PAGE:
Man, 88, killed in early morning blaze

Fewer, but bigger seats may be coming to Beaver Stadium

(Allentown) Morning Call (TNS)
  • Beaver Stadium has a current seating capacity of 106, 572.
  • The number of seats could be reduced under a possible renovation plan.
  • Under the renovation plan, the seats would get wider and feature more leg room.

CHICAGO – Beaver Stadium's seating capacity likely will get smaller in the future, but that could come with a benefit for Penn State football fans: bigger seats.

Sandy Barbour, Penn State's athletic director, said Tuesday that Beaver Stadium's seats could get wider, and offer more leg room, as part of a planned renovation. Populous, a Kansas City-based design firm, is nearing completion of a master plan of Penn State's athletic facilities, including Beaver Stadium. The plan is scheduled to be announced this fall.

Under a possible renovation plan, Penn State's Beaver Stadium will have fewer but bigger seats.

Penn State officials have said they favor renovating the 56-year-old stadium, the nation's second-largest with a capacity of 106,572, rather than building a new one. The sweeping project is expected to address seating, rest rooms, concessions and ease of entry and exit.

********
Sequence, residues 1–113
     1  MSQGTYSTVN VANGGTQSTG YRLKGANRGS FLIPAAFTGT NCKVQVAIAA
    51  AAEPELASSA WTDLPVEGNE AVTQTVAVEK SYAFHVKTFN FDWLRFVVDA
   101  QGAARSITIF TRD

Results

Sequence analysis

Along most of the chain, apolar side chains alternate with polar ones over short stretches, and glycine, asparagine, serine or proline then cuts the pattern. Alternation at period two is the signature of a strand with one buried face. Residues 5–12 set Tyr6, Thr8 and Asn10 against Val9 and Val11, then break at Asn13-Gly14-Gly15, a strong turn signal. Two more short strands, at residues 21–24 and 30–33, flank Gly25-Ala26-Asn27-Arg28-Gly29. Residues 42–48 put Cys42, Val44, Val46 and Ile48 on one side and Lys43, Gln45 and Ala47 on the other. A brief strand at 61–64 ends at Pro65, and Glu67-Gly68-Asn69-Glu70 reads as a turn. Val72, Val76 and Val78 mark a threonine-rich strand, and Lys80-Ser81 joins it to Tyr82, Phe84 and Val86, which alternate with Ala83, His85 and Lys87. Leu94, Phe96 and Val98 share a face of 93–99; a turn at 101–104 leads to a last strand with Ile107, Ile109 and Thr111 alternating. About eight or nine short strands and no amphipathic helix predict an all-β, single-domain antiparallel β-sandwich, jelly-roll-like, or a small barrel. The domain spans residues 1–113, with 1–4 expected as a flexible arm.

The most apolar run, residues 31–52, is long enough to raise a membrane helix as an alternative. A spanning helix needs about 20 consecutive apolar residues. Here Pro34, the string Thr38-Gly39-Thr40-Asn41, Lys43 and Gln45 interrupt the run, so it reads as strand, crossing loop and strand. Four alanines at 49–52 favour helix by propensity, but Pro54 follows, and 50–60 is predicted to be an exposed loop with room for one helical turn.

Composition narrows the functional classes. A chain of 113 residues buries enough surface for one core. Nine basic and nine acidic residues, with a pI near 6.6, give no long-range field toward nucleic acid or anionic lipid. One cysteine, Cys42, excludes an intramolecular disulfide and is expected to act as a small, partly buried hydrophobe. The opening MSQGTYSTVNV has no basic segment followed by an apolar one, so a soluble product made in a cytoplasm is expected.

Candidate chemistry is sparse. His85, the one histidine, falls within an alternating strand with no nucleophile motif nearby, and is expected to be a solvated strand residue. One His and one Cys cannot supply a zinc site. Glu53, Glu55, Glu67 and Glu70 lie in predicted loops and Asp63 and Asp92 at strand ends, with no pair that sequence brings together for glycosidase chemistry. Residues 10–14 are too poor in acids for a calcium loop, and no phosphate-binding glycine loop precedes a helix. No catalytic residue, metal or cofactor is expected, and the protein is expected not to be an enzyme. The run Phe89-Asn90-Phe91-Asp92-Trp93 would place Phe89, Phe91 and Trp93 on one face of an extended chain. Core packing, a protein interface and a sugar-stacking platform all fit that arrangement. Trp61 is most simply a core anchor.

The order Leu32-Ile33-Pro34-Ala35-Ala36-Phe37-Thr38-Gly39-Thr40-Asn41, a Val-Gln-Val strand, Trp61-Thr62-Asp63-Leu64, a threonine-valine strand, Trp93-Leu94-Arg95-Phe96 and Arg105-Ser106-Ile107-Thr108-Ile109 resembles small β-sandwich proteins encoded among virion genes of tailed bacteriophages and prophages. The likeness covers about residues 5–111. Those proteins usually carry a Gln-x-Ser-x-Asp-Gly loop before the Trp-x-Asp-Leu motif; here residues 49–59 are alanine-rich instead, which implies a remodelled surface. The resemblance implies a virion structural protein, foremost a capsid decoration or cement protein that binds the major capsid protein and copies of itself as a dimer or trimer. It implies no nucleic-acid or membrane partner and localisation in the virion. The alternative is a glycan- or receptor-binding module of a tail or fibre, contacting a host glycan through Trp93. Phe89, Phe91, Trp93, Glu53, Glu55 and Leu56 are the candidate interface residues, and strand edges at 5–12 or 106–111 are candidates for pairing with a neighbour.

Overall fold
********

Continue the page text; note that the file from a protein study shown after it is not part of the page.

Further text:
Barbour said that, in surveys, fans rated seating comfort, particularly width and leg room, as "pretty high" on their list of requested renovations. Widening seats would require a capacity reduction, Barbour said, though Beaver Stadium likely will retain at least 100,000 seats.

Beaver Stadium is one of just eight in the country with a seating capacity above 100,000.

"We've got a lot of folks who want to see Penn State games, so I don't think we have a whole lot of leeway in terms of making it smaller from a capacity standpoint," Barbour said. "But if we're going to make seats wider, and we're going to give people more leg room, we're going to be smaller."

Ohio State recently announced that it will reduce Ohio Stadium's seating capacity by about 2,600 seats. Barbour called that the direction of college football, echoing Ohio State athletic director Gene Smith's comment that the "capacity race is over."

Recruits told Penn State may go back on probation

"This is about value," she said. "This is about our customers and what they want, their comfort and their gameday experience."